Then there is the possibility that Libertarian voters might see a jump by Amash to their party as an intrusion. He is currently a registered Republican.

Would they revolt?

That’s one of those things the party, as well as Amash, would have to consider, along with everything else.

Libertarians in Michigan have challenged Amash, and lost. They insist his views are not strictly aligned with the Libertarian ideology, in order to consider him a Libertarian purist.

Would the Libertarian delegates warm up to him?

The Libertarian nominee should most importantly be libertarian, Amash said, and should be able to attract supporters from the two major parties without compromising his or her principles. 

“If you can get people to think about libertarianism as the philosophy of America — that it is just an appreciation for American principles of individualism and liberty and freedom — I think it’s very accessible to a lot of people,” he said. 

Amash is in the minority party in Congress for the first time but, “I’ve always been a minority of sorts here.” 

Amash has always been a Republican, he said, but willing to take positions counter to the party when he disagrees with leadership.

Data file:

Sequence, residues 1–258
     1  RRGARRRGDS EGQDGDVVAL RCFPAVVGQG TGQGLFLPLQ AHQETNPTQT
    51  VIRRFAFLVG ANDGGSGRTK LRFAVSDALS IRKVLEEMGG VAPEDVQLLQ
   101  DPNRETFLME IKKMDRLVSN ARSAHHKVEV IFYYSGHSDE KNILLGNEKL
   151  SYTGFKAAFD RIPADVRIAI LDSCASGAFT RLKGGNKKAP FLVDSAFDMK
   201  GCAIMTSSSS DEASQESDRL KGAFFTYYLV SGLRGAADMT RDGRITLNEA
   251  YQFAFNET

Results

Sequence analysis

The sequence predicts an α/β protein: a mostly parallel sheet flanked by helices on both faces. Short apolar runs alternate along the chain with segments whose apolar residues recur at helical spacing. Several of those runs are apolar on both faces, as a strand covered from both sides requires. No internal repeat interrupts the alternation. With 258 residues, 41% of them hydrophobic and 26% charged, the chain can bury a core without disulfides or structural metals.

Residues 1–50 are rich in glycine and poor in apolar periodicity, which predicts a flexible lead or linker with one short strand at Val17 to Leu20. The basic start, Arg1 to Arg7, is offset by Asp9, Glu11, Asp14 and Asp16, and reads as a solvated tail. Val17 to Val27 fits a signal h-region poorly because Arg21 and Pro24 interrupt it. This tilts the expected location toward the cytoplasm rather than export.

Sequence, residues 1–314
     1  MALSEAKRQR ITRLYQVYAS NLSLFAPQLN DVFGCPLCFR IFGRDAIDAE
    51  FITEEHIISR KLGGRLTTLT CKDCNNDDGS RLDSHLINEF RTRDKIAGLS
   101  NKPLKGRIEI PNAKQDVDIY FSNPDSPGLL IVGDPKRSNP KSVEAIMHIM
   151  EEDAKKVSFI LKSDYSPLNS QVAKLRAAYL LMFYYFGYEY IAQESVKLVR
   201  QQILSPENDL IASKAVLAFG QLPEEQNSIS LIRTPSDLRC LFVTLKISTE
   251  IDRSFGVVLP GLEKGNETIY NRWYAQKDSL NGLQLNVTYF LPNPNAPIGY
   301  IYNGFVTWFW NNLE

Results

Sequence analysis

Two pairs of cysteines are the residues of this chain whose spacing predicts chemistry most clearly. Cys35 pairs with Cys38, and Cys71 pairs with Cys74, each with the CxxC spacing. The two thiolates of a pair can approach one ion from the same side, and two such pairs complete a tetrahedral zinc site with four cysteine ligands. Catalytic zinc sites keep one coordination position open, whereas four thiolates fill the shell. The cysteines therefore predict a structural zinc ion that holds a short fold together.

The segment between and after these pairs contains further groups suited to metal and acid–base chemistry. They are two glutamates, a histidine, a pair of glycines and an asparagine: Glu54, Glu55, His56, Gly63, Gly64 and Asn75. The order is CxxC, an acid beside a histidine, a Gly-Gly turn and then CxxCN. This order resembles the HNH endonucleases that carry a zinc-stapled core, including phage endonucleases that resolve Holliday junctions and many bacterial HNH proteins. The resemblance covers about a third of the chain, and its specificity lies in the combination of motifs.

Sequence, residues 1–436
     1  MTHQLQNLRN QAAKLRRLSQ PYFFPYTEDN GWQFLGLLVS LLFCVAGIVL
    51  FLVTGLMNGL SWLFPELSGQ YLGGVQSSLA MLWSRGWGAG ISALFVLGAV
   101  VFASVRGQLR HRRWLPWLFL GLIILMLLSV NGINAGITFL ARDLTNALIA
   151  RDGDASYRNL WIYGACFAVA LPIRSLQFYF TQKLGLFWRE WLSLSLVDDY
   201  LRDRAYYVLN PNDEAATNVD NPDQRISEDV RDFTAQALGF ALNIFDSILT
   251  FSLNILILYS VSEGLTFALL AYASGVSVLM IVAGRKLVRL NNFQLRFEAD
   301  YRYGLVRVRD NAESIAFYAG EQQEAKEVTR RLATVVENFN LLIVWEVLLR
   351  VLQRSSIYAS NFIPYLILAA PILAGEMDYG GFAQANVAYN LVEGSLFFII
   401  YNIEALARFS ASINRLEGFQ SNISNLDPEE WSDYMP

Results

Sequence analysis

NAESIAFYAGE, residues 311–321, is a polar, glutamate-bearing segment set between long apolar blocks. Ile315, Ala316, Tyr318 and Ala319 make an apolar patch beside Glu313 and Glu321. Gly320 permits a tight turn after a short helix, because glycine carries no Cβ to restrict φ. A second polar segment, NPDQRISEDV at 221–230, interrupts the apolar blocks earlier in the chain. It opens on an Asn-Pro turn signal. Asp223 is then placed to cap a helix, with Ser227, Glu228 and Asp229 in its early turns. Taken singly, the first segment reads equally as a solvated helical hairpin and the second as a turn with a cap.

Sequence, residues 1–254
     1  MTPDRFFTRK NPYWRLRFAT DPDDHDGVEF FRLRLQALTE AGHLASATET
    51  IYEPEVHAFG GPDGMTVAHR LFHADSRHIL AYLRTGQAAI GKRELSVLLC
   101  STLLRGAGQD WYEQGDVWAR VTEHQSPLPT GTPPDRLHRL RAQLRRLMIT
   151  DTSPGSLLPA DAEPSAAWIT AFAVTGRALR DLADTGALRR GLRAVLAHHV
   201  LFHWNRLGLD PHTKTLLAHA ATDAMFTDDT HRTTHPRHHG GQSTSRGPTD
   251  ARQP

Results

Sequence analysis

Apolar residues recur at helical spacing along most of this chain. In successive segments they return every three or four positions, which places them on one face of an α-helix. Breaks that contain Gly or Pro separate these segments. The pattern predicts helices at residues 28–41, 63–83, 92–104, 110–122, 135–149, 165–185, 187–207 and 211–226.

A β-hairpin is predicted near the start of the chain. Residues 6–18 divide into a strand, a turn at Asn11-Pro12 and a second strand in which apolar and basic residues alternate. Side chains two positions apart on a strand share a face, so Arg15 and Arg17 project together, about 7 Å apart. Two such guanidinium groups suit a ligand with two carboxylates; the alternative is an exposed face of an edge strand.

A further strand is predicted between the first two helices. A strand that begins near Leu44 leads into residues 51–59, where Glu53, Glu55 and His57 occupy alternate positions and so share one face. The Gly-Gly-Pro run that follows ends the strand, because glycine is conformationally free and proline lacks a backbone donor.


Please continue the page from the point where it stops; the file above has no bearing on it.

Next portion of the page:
“There’s obviously a real sense in which I am the most independent Republican in Congress,” he said. 

To that point, consider the conservative House Freedom Caucus, of which Amash is a member. They’ve turned into the raving pom-pom girls for Team Trump, no matter how big government or fiscally unsound his policies become.

Amash says he no longer attends the meetings regularly. I can imagine why.

“The Tea Party is largely gone. There are not that many members of Congress who care about limited government, economic freedom and the individual liberty — at least not as a combination like that,” he said. 

“Maybe that’s why I stand out a little more now, because I do care about those things. I ran for Congress to help move us back in that direction — more a direction of liberty.”

And it really is a shame when you consider what passes as true conservatism on the right, these days.

The notion that a man with Amash’s solidly conservative record could be so isolated, while a man like California Representative Devin Nunes – complete with his “F” Liberty Score rating – could be seen as a rock star to the party is nothing short of depressing.

If Amash chooses to run, he would be risking a lot. By Michigan law, he would have to give up his seat in Congress.

Would he take that risk?

We’ll have to wait and see, because he’s not saying.